We know Tyrod Taylor had 73 yards rushing on Monday night. Or do we? We know D.J. Harper and Doug Martin are ridiculously talented running backs. But how ridiculously talented?
These are questions that game charting and advanced stats can help answer, and it just so happens that BIFFF specializes in each. After the jump, get the bonus statistics on Boise State - Virginia Tech that you can't find anywhere else, including irrefutable evidence of Harper and Martin's ridiculous talent.
The Bronco Institute of Football Facts and Figures (BIFFF) is Boise State statistics on steroids - the legal ones that make things better and have no negative side effects like impotence.
Your new box score
|Boise State||Virginia Tech|
|Third Down Percentage||40||33|
|Yards Per Play||6.2||4.8|
|Yards Per Drive||31.9||26.2|
|Yards on Scoring Drives||260||278|
Swing points = Points on defense, special teams, or drives < 25 yards
Yards for points = Yards on scoring drives
Wasted yards = Yards on non-scoring drives
- Virginia Tech's advantage in wasted yards shows that the Hokies made the most of their drives when their drives were, you know, actually going somewhere. If Virginia Tech had made the field goal it missed, the Hokie Wasted Yards total would have been 36 yards less. The worst wasted drives after that were the penultimate clock-grinding one and the very first drive of the game where they had 15 yards from a pass interference penalty.
- As lopsided as the field position battle began (see below), it ended evenly enough. That is due in large part to Boise State's two fumbles, which gave Virginia Tech the ball in Bronco territory.
- Boise State averaged 7 yards per rush and only 5.7 yards per pass attempt.
- The Broncos' 10 swing points (following the fumble recovery and blocked punt) made the difference in the final score.
The five most interesting stats from Boise State versus Virginia Tech
Only one quarter of Tyrod Taylor's rushing attempts came on designed running plays
The final box score claims that Taylor had 73 yards rushing on 16 attempts, but you can't fool me that easily, box score. Truth is, Taylor had one yard on four rushing attempts (three of which went for negative yardage and the fourth for nine yards). The rest of his carries consisted of three sacks for -12 yards and nine scrambles for 84 yards.
Think about how different Monday night would have gone without a mobile quarterback in Virginia Tech's backfield. Stick a statue back there and the Broncos may have had nine coverage sacks rather than nine coverage scrambles.
Feel any better about Boise State's secondary now?
Virginia Tech threw at Brandyn Thompson more than they threw at Jamar Taylor
Safe to say, the Hokies were not afraid to go after Boise State's No. 1 cornerback. In fact, one series in the second half, the Hokies went at Thompson on three out of their four pass attempts - an interference penalty, an overthrown deep ball, and a TD toss where Thompson missed the tackle.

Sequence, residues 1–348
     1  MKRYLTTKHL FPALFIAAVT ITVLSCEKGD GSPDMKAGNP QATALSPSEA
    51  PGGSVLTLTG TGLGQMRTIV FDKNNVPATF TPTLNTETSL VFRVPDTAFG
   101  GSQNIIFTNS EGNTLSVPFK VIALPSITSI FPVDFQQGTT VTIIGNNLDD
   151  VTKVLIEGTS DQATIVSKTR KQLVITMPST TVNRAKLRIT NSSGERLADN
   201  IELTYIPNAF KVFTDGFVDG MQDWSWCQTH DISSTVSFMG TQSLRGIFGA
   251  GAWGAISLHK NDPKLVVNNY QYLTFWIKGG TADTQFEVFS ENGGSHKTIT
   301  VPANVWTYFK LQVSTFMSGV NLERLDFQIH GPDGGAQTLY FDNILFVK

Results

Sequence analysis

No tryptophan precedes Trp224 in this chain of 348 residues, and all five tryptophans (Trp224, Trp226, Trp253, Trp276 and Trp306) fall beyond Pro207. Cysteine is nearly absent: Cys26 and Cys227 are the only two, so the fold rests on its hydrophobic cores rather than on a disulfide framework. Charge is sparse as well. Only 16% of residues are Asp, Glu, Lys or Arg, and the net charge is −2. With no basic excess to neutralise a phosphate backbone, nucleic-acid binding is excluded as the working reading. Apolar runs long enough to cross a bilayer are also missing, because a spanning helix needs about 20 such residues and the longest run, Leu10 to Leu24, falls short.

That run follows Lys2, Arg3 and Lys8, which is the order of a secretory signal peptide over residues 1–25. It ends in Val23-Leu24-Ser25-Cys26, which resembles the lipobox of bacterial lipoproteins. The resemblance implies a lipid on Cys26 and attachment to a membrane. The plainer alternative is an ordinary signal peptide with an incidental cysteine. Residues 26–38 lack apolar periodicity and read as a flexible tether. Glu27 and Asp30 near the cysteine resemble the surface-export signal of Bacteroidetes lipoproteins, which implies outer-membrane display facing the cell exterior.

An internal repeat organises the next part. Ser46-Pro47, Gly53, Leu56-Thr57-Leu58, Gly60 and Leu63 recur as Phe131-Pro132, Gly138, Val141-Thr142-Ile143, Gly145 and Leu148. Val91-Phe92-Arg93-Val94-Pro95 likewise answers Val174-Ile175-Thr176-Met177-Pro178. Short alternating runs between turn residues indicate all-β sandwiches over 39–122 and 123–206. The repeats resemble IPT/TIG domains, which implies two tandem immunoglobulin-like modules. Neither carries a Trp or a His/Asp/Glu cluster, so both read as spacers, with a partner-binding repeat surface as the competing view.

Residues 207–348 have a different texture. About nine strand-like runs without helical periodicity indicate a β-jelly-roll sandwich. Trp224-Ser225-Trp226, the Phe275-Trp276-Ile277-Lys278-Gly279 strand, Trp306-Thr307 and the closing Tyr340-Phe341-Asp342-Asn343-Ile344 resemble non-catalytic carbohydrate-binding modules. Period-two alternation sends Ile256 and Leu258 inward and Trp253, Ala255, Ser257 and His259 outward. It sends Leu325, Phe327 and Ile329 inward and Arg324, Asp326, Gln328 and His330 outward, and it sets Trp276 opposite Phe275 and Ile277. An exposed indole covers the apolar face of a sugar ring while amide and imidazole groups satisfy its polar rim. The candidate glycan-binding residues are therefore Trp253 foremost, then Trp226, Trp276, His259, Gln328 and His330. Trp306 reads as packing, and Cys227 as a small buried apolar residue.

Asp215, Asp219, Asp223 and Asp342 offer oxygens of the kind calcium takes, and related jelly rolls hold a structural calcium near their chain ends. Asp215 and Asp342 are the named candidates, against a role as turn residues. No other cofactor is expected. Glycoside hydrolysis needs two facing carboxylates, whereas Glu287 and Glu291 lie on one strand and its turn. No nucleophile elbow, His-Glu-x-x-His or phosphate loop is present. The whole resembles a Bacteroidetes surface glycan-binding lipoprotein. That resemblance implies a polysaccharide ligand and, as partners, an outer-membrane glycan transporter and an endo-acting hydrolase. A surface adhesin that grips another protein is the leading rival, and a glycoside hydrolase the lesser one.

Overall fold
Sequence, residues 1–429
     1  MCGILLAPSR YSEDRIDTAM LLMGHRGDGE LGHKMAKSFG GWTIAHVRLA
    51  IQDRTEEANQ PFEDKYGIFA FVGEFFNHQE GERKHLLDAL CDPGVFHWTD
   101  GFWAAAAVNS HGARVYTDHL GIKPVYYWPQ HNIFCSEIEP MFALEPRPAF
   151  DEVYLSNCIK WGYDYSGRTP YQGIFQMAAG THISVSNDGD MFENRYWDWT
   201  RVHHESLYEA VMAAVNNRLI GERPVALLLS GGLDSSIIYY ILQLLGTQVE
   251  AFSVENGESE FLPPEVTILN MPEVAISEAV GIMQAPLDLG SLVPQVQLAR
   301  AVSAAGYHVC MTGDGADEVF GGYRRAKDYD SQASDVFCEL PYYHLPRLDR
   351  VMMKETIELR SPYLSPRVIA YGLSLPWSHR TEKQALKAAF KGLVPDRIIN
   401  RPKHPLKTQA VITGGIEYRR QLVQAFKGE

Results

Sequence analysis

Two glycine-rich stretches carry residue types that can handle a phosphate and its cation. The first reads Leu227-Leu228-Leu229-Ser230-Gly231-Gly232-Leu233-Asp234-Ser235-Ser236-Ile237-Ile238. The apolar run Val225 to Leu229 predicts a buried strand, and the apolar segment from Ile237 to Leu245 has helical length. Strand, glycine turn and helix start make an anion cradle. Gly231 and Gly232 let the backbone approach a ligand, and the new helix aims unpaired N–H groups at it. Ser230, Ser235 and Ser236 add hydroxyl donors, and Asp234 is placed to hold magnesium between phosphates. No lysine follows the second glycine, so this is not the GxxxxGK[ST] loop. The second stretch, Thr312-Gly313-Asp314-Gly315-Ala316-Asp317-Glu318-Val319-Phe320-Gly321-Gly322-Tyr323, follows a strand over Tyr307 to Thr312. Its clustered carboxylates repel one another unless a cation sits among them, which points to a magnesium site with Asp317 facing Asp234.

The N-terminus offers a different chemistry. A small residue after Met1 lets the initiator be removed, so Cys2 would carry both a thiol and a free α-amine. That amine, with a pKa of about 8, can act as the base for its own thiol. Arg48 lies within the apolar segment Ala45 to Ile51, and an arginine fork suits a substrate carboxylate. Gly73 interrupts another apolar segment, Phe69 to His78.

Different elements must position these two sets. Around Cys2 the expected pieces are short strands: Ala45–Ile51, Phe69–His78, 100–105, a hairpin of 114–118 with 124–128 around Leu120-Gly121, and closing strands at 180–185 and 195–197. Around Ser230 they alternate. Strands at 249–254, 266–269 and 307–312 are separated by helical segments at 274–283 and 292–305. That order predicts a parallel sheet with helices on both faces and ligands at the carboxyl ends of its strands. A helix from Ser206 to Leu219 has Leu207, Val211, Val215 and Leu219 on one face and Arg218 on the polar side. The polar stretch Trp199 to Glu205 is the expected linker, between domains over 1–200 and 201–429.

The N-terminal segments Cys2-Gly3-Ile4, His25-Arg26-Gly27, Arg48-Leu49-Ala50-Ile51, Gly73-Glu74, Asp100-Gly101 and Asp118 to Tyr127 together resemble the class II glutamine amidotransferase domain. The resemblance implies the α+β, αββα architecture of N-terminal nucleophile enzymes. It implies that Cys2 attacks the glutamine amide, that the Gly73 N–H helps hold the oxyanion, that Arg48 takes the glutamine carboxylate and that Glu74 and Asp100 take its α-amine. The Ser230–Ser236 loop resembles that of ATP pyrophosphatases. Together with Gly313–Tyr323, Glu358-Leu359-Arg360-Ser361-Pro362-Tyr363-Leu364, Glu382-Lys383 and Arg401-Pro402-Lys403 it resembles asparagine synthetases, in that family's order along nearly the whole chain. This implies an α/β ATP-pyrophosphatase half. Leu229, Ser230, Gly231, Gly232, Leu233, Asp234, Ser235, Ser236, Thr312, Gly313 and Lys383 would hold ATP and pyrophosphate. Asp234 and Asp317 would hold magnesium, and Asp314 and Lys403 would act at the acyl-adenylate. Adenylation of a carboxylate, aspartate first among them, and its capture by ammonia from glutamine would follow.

The numbers above are as accurate as I can get them; it's possible that some listed targets were actually zone coverage where Thompson just happened to get there first. But regardless, teams used to spend long stretches not even looking Kyle Wilson's way. It looks like that won't be the case with Thompson this year.
Kellen Moore threw passes to 11 different receivers
He completed passes nine different receivers and missed on passes to Geraldo Hiwat and Jeremy Avery.
Doug Martin and D.J. Harper were more successful carrying tacklers than breaking tackles
The duo of Harper and Martin broke six tackles Monday night (Martin broke four, Harper broke two), which is impressive enough. But how about those yards after contact? Seventy-five percent of their rushing yards came after contact. Eight of Martin's 12 carries had YAC, and three of Harper's four carries did.
Field position percentage
Not sure what you're seeing here? Let me explain. Field position percentage basically figures how many plays your team spent on the other team's side of the field. The figures above - in all their gray confusion - show the breakdown of quarter by quarter for both teams.
Virginia Tech put up the lowest FP% in the first quarter but also finished with the two highest FP% quarters in the second and third, which is not coincidentally when they started taking charge. Interesting, if you can understand any of it.
What do you make of these numbers? Feel any better knowing Boise State's coverage was solid nine more times than you thought? Have a new appreciation for Doug Martin and D.J. Harper? Share your thoughts in the comments.